Friday Fights: New Horizons

The long and arduous battle that mixed martial arts has fought over the legal status of the sport in New York has finally come to a close. The historic decision did not come easy, and it creates an entirely new market and audience for the sport to continue to grow.

Friday Fights logo, created by Adam Milliken.

Last week, the sport of mixed martial arts received wonderful news when the state of New York finally passed a bill that would legalize MMA in the state. For years, the potential measure was blocked by a speaker who simply didn’t like it, or the sport for that matter. However, last Tuesday, the bill was passed by the state assembly in an overwhelming vote of 113 in favor to 25 opposed.

The long journey for the sport to earn its place in New York featured a number of obstacles.

New York Takes MMA Down

Back in February of 1997, the UFC had originally scheduled its 12th pay-per-view to be held in Buffalo, New York. However, just before the event could take place, the state struck a devastating blow.

Then-Governor George Pataki signed a bill into law banning the sport of mixed martial arts in the state.

Pataki reasoned his decision by calling the sport barbaric, stating that it was unnecessary and too dangerous to be allowed to take place.

This forced the UFC 12 event to move to Alabama, and the long road for MMA to regain its position in New York began.

The Sport Reforms

The main problem that New York had with the sport, and the problem many still have with it to this day, was it was much too violent. They cited that its participants were too often suffering injuries and there were not sufficient rules and regulations in place to protect the athletes.

Beginning in early 2000, the foundation for a much more regulated and safe sport began to form. The California State Athletic Commission (CSAC) voted unanimously to implement a set of rules and regulations for all events that would take place in the state. When it was sent to the capital, though, it was determined the CSAC had no right to try and regulate the sport.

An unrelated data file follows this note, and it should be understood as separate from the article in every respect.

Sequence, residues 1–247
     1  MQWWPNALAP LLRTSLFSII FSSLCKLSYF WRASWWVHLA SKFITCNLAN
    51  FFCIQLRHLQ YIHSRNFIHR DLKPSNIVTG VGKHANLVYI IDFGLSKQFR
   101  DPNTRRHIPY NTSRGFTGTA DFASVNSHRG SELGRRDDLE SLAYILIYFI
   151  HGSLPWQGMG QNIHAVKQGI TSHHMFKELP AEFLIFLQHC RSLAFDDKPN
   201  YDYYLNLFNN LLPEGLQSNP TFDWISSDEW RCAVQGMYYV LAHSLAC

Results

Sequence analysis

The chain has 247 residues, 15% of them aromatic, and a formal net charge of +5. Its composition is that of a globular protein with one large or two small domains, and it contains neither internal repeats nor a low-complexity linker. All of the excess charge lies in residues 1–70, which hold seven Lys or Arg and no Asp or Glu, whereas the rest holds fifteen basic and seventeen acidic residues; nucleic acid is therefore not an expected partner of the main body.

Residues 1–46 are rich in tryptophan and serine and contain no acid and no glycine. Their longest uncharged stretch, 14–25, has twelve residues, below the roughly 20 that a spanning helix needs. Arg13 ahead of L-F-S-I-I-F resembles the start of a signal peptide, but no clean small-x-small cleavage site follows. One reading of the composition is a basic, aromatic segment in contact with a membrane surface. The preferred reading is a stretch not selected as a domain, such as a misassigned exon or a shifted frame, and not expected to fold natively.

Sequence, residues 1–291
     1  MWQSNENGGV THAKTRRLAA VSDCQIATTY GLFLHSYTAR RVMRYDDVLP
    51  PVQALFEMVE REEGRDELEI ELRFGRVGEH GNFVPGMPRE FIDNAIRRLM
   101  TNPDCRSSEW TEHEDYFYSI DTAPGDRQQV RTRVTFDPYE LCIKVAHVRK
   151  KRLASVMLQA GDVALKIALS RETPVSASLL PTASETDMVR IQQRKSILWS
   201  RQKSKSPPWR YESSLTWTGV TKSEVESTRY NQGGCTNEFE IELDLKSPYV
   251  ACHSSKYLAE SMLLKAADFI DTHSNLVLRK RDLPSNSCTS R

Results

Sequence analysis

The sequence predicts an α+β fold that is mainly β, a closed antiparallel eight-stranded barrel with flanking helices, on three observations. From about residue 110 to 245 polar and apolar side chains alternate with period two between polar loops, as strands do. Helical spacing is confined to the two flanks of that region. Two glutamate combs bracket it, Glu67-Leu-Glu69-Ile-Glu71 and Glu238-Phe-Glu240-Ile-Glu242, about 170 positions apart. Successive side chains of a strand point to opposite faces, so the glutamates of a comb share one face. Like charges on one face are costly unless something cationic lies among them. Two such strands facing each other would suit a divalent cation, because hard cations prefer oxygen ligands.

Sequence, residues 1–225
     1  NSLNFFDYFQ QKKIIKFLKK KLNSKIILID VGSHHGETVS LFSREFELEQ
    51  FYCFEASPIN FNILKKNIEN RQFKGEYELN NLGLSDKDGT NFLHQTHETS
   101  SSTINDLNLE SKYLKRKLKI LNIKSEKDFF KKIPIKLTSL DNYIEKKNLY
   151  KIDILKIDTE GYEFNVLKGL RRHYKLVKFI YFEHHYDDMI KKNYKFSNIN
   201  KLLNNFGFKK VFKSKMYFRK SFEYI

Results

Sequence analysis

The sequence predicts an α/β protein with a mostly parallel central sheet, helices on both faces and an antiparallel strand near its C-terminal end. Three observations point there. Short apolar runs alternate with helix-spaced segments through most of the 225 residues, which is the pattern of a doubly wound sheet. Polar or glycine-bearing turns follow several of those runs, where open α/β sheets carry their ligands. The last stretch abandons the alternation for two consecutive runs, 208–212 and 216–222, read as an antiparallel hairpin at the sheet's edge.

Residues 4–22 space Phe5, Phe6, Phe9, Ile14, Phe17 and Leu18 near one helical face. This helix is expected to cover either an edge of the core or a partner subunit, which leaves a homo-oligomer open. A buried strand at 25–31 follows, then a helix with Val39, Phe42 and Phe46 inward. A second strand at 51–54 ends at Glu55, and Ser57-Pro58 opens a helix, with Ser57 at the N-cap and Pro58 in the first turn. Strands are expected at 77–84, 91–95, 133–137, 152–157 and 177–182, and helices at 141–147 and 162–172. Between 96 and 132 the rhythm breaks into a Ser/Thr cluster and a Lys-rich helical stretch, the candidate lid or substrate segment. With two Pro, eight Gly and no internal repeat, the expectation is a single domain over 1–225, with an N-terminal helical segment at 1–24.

It wasn’t a complete loss. In late 2000, the New Jersey State Athletic Control Board (NJSACB) began allowing mixed martial arts events to take place within the state. The logic behind the move was so that the NJSACB could monitor these events closely and use that experience to develop a defined set of rules and regulations.

On April 3, 2001, the NJSACB held a meeting with nearly all promoters, regulators and other parties in attendance. At the meeting, a unified set of rules were agreed upon by all in attendance. This was a historic act because the sport finally had a uniform, well-defined and universally accepted set of rules to base themselves on.

The sport continued to grow safer when organizations and promoters became increasingly interested and concerned with the safety and well being of athletes.

Although many still consider the sport much too dangerous, there is no doubt it is much safer than it was in its early days as an unregulated sport.

The MMA Purgatory

The sport began garnering additional support not only in New York, but worldwide.